My grandmother’s husband, Lionel Hughes, was surveying in 1921 around Tokaanu and died of peritonitis, leaving his young family and widow in Rotorua. My mother was 3 months old but in the late 60s she returned there and met an old man called ? Grace who knew the circumstances of her father’s death. Wld anyone know who he might have been? I may have a photo of him somewhere. Cheers Craig Wallace

    Reply
  2. Debz Hill

    Kia Ora Puawai I am a grandniece of the three Grace brothers in photo above, their sister Makareta (Margaret) Hinewai Grace ( 1)Mrs Barling (2) Mrs Pitiroi was my grandmother. The family was large and spread far and wide, from the United Kingdom, Australia, and all throughout the north and south island of NZ. coast to coast Ngati Tuwharetoa. It would be fair to say that most all Grace people in NZ are connected. I am also grandniece to bothers Arther Owen Downes and Albert Downes, Ruki (Lockie) Rogers Digger Company Ngapuhi Some of many uncle’s not returned. Great mahi mana to these warriors Puawai thankyou……

    Reply
  3. Marion Mackay

    Our primary school is taking part the Fields of Remembrance white crosses project. We have been given 30 crosses to “plant” and also the names of soldiers. One of our soldiers is Thomas Marshall Grace. Do you know if he has any descendants living in Wellington? They might be interested in attending our special service.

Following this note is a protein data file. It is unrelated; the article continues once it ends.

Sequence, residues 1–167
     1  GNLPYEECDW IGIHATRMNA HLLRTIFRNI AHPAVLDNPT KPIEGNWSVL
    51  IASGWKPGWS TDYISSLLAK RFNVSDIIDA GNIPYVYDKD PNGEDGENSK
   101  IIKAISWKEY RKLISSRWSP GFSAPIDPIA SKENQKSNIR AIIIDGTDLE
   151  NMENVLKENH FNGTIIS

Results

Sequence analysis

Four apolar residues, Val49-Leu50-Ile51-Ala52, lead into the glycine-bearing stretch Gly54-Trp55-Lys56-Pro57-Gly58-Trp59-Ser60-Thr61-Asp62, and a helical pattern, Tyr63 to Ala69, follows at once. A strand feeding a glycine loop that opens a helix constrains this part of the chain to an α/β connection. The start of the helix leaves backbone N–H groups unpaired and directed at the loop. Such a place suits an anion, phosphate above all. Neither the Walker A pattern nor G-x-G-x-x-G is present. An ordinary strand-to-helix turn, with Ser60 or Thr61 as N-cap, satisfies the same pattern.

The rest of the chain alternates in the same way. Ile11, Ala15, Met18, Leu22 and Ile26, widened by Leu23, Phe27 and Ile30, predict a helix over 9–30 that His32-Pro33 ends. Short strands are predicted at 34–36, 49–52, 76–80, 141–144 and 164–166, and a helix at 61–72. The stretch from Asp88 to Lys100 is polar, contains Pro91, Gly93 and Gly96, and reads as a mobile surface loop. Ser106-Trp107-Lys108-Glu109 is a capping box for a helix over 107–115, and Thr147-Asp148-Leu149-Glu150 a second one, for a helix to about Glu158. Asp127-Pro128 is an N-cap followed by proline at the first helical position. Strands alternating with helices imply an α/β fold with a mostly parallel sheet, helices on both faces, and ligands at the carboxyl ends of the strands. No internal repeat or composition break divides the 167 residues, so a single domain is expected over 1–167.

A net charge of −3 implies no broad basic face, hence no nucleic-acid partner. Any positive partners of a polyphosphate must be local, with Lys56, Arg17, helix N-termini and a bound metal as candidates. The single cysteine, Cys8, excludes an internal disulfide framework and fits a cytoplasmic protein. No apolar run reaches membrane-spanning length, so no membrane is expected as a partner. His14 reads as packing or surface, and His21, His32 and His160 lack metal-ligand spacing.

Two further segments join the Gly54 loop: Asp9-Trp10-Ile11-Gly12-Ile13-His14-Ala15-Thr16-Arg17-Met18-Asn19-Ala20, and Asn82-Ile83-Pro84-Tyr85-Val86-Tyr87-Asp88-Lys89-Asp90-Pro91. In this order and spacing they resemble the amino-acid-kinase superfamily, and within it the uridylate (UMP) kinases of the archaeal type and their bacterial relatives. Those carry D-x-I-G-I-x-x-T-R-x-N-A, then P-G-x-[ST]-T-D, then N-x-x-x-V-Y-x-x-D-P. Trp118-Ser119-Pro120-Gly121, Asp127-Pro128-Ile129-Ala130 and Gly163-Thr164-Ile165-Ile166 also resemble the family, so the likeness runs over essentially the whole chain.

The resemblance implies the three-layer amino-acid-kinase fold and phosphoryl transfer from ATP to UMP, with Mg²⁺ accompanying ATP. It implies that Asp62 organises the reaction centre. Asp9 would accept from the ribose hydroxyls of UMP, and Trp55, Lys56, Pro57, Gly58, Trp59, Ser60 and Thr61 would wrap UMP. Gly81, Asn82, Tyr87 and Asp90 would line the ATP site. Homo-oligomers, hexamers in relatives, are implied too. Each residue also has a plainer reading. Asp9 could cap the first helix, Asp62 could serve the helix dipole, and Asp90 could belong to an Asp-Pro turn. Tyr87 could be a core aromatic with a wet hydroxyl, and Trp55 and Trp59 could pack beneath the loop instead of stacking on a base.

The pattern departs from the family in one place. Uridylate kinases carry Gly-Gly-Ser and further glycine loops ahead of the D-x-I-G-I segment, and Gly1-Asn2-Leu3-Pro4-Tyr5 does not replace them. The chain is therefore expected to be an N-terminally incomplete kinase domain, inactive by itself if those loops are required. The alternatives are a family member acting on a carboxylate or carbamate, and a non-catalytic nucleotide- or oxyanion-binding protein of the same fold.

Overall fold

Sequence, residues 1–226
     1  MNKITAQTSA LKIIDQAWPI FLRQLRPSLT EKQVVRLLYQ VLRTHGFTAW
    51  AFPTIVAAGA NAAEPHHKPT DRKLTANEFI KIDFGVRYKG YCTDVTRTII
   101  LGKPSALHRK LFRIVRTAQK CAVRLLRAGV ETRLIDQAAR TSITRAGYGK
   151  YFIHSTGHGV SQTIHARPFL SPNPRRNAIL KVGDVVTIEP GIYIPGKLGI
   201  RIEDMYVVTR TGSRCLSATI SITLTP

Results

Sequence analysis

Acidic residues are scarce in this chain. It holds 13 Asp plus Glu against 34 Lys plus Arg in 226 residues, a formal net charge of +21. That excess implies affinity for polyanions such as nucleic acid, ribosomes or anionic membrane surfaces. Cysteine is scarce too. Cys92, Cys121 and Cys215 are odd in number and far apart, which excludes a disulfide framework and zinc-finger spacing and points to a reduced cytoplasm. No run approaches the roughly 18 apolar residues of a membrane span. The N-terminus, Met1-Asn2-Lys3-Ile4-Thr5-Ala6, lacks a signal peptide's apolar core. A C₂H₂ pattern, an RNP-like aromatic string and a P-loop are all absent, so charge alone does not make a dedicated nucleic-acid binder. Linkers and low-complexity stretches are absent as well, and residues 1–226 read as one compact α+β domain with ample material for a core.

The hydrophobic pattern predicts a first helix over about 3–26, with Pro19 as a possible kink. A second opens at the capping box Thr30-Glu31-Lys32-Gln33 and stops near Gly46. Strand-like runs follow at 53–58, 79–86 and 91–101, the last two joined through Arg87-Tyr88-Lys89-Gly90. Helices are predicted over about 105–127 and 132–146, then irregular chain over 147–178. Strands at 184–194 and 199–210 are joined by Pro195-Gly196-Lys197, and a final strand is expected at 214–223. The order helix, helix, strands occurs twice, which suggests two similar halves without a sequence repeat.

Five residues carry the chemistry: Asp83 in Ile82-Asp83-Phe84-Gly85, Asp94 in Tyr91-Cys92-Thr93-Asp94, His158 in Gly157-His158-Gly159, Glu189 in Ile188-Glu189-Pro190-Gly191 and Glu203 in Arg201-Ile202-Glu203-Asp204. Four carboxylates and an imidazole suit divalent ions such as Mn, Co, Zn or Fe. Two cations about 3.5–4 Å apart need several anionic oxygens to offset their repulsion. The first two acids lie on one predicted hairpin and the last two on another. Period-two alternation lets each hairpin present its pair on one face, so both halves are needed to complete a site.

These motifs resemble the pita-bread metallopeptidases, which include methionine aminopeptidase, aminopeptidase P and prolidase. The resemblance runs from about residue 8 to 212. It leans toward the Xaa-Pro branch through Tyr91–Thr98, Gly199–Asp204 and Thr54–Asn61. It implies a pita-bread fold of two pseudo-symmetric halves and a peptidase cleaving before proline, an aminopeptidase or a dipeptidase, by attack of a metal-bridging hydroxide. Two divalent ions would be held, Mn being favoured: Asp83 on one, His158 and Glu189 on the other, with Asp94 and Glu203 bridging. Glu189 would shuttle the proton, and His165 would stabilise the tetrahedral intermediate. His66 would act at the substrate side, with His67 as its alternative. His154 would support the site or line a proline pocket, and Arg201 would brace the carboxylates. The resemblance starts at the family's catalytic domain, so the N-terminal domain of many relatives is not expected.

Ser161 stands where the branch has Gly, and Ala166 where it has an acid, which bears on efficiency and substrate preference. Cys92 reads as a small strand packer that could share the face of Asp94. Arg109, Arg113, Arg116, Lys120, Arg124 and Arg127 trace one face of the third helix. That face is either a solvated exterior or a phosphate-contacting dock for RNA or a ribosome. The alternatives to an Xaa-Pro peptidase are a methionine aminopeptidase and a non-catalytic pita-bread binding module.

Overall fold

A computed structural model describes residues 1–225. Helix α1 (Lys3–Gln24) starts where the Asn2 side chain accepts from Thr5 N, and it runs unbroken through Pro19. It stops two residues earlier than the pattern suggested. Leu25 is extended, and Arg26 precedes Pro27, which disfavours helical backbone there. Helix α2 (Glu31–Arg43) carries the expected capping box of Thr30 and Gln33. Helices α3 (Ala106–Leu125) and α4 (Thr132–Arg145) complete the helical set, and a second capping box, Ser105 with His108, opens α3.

Reply
    • Rachael Bruce

      His niece will be in Wellington for the opening of the exhibition so we’ll pass this onto her then and come back to you.

  4. Annette Hawe

    It goes back to the original families, from the histories of how the land was divided and who the main tipuna were. There are still the old stories of how they got their land, especially up the Whanganui River, during the claim only certain descendants had lands up the river and others their lands were else where, e.g. lake taupo

    Reply
  5. Ebs Peeke

    Interested in Gallipoli 2 uncles killed there .Royal Dublin Fusiliers April 1915 .